My heart begins to sing

As they are like the

“Wind beneath my wings”

“Lean on me”

That’s what Prayers

Seem to say:

We’ll take all

Tears sadness & blues

Out of your way

Whatever I have done & said

I do my best

‘Cause I know the

Power of Prayers

Takes care of the rest.

 

………………………………Farida Bam

WZO Trusts at Work – 2015


Dear Donors, Friends, Well Wishers,

Please visit www.wzotrust.org and see the 37 photographs in the section “WZO Trusts at work – 2015″. Whatever has been done has been possible only because of the support of donors, good wishes of friends and well wishers, and not to forget the commitment and dedication of the hard work put in by my colleagues and staff.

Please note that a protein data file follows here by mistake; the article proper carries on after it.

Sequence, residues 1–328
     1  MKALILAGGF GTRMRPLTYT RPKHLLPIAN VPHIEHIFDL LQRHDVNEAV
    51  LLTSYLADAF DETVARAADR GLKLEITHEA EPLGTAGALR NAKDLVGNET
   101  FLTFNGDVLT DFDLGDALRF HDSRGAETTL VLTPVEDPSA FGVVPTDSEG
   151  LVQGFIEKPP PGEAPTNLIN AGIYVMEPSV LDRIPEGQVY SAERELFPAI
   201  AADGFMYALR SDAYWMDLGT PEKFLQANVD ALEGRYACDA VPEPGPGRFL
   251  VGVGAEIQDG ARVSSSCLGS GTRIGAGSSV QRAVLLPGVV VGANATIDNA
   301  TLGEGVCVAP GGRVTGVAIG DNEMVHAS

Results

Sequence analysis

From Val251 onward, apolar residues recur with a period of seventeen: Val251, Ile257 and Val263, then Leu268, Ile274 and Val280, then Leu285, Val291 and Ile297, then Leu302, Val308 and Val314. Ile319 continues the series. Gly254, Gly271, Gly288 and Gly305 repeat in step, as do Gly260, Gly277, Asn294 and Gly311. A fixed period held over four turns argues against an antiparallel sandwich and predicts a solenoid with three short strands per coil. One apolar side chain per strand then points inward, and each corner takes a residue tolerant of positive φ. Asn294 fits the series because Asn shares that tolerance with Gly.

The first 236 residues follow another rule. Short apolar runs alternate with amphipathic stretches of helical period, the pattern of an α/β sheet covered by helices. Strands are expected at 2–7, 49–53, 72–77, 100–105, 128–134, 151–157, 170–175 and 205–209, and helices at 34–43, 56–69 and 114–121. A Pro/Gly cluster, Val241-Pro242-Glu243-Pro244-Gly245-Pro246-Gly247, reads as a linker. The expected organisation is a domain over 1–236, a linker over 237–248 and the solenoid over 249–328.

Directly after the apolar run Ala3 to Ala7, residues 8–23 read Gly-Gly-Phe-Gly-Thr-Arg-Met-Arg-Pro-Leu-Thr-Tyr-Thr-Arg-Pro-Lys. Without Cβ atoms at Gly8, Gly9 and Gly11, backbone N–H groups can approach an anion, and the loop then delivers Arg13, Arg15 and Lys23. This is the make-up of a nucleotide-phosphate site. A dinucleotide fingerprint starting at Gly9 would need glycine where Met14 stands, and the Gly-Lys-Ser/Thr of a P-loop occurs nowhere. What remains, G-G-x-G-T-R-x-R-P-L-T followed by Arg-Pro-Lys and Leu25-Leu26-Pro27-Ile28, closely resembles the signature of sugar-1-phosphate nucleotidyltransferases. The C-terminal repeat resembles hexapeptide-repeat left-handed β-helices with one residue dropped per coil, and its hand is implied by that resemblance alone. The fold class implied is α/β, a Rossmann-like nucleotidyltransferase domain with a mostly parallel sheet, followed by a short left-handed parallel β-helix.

Thank you all for your continued support.

Dinshaw K. Tamboly

Cyrus Todiwala on GM foods


Ranting about what we know about GM food and soya at Abergavenny Food Festival, September 2012

Act of Devotion: Couple wins over  Syracuse theater scene, 20 years running


Navroz Dabu hand sketches the set of “A Man for All Seasons,” the 2007 stage production at the Civic Center. Photo courtesy of Navroz Dabu.


Scattered on the walls of his home architecture studio, Navroz Dabu keeps photos of past set designs he has built for local adaptions of plays at the Redhouse and CNY Playhouse. Photo by Christine Rushton

Navroz Dabu’s MIT degree in architecture helps as he lays out the dimensions of the set designs for each production. Unlike most designers, He uses the lighter cardboard, not plywood, to build his final sets. Photo by Christine Rushton